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Google snoops on kids via Chromebooks, claims EFF in FTC filing

Think of the... oh never mind

Google has been collecting data from schoolchildren as young as seven years of age, according to a complaint filed with the US Federal Trade Commission (FTC) by the Electronic Frontier Foundation (EFF), despite the Chocolate Factory's legally enforceable commitment to refrain from such activities.

The EFF, which launched its "Spying on Students" campaign today, filed its complaint after examining "Google's Chromebook and Google Apps for Education (GAFE), a suite of educational cloud-based software programs used in many schools across the country by students as young as seven years old".

Google, it added, had signed the Student Privacy Pledge, "a legally enforceable document whereby companies promise to refrain from collecting, using, or sharing students’ personal information, except when needed for legitimate educational purposes or if parents provide permission". The EFF claimed in its statement:

While Google does not use student data for targeted advertising within a subset of Google sites, the EFF found that Google’s “Sync” feature for the Chrome browser is enabled by default on Chromebooks sold to schools.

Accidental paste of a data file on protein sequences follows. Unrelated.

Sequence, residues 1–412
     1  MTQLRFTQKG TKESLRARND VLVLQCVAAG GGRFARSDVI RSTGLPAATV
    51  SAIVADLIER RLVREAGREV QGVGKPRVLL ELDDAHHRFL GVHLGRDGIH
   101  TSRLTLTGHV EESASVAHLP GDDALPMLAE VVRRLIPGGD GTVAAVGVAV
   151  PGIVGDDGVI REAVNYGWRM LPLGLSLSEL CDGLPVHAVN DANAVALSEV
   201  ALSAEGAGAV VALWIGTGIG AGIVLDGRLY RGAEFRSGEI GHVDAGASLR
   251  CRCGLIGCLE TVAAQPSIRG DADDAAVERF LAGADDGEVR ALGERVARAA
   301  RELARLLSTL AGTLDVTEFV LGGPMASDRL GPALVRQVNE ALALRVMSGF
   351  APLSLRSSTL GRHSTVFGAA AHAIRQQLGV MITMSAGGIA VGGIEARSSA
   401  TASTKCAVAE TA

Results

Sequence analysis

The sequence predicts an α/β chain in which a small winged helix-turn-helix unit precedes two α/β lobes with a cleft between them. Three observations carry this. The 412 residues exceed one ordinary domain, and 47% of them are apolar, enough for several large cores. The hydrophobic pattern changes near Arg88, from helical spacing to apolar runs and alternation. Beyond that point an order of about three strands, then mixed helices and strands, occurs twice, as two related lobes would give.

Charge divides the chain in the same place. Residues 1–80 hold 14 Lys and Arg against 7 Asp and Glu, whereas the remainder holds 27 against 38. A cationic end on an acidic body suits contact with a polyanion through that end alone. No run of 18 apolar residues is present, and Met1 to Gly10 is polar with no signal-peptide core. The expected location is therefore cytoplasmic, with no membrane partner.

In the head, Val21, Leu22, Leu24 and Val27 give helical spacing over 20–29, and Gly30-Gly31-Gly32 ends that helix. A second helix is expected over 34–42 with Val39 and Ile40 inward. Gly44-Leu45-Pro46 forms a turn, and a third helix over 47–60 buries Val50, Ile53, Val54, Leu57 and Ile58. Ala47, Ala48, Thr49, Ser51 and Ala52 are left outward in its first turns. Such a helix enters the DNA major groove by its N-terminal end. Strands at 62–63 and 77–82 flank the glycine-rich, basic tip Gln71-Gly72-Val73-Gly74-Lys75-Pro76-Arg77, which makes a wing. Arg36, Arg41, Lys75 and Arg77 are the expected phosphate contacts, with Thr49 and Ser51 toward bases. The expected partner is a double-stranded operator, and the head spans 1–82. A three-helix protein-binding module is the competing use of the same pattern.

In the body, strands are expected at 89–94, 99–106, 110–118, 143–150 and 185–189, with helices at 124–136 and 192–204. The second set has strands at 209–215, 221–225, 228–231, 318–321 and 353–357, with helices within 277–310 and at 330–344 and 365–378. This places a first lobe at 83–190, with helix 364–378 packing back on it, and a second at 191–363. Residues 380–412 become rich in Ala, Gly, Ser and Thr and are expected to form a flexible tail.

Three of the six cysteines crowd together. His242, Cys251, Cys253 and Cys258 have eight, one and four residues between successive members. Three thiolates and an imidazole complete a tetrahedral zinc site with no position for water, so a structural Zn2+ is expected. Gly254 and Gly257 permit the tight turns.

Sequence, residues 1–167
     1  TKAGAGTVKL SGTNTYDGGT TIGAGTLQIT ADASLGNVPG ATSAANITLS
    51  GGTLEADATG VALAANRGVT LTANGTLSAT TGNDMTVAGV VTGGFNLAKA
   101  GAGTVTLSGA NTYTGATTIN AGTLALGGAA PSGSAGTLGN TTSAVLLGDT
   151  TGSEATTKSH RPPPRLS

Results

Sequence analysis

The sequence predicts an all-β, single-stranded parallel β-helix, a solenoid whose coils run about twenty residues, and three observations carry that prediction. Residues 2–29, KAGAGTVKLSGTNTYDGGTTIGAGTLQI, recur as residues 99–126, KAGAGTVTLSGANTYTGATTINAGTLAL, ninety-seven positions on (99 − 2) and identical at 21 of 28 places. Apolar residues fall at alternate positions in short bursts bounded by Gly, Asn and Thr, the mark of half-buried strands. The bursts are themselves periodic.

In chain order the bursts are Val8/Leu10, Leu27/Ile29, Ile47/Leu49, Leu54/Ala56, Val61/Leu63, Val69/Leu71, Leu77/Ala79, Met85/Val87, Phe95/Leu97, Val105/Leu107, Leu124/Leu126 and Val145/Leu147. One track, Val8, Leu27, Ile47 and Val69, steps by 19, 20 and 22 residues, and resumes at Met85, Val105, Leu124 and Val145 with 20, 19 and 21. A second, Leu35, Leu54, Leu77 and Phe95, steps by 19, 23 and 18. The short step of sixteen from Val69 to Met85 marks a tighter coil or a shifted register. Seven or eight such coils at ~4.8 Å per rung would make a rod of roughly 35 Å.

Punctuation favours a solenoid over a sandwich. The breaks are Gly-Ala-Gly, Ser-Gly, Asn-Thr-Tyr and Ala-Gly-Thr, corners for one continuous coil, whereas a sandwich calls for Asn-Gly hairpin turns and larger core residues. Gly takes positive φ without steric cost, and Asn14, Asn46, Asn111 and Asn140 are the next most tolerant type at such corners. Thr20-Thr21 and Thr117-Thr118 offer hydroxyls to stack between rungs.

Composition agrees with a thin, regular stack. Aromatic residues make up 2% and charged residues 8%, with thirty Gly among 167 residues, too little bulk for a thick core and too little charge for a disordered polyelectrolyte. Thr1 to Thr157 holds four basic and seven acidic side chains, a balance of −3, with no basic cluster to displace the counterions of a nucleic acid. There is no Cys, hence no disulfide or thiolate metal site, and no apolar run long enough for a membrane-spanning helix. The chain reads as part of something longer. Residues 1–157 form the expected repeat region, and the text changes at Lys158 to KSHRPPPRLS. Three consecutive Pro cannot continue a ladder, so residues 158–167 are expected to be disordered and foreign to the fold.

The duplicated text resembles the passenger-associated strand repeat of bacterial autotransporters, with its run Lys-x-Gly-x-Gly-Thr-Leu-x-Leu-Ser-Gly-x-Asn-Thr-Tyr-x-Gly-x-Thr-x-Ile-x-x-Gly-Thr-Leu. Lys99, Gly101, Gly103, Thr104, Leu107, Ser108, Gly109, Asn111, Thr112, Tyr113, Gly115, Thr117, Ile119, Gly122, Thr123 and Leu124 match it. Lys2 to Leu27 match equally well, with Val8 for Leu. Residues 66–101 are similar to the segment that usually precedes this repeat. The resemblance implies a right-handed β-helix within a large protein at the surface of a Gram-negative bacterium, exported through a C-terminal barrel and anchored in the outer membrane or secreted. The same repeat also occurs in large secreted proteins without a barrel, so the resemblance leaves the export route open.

This allows Google to track, store on its servers, and data mine for non-advertising purposes, records of every internet site students visit, every search term they use, the results they click on, videos they look for and watch on YouTube, and their saved passwords.

Google doesn’t first obtain permission from students or their parents and since some schools require students to use Chromebooks, many parents are unable to prevent Google’s data collection.

“Minors shouldn’t be tracked or used as guinea pigs,” EFF staff attorney Nate Cardozo said.

The EFF reports that the Chocolate Factory said it will "soon disable a setting on school Chromebooks that allows Chrome Sync data, such as browsing history, to be shared with other Google services".

"While that is a small step in the right direction, it doesn’t go nearly far enough to correct the violations of the Student Privacy Pledge currently inherent in Chromebooks being distributed to schools," according to the EFF.

The Register has contacted Google with our own enquiries and we will update this article if and when we receive a response. ®

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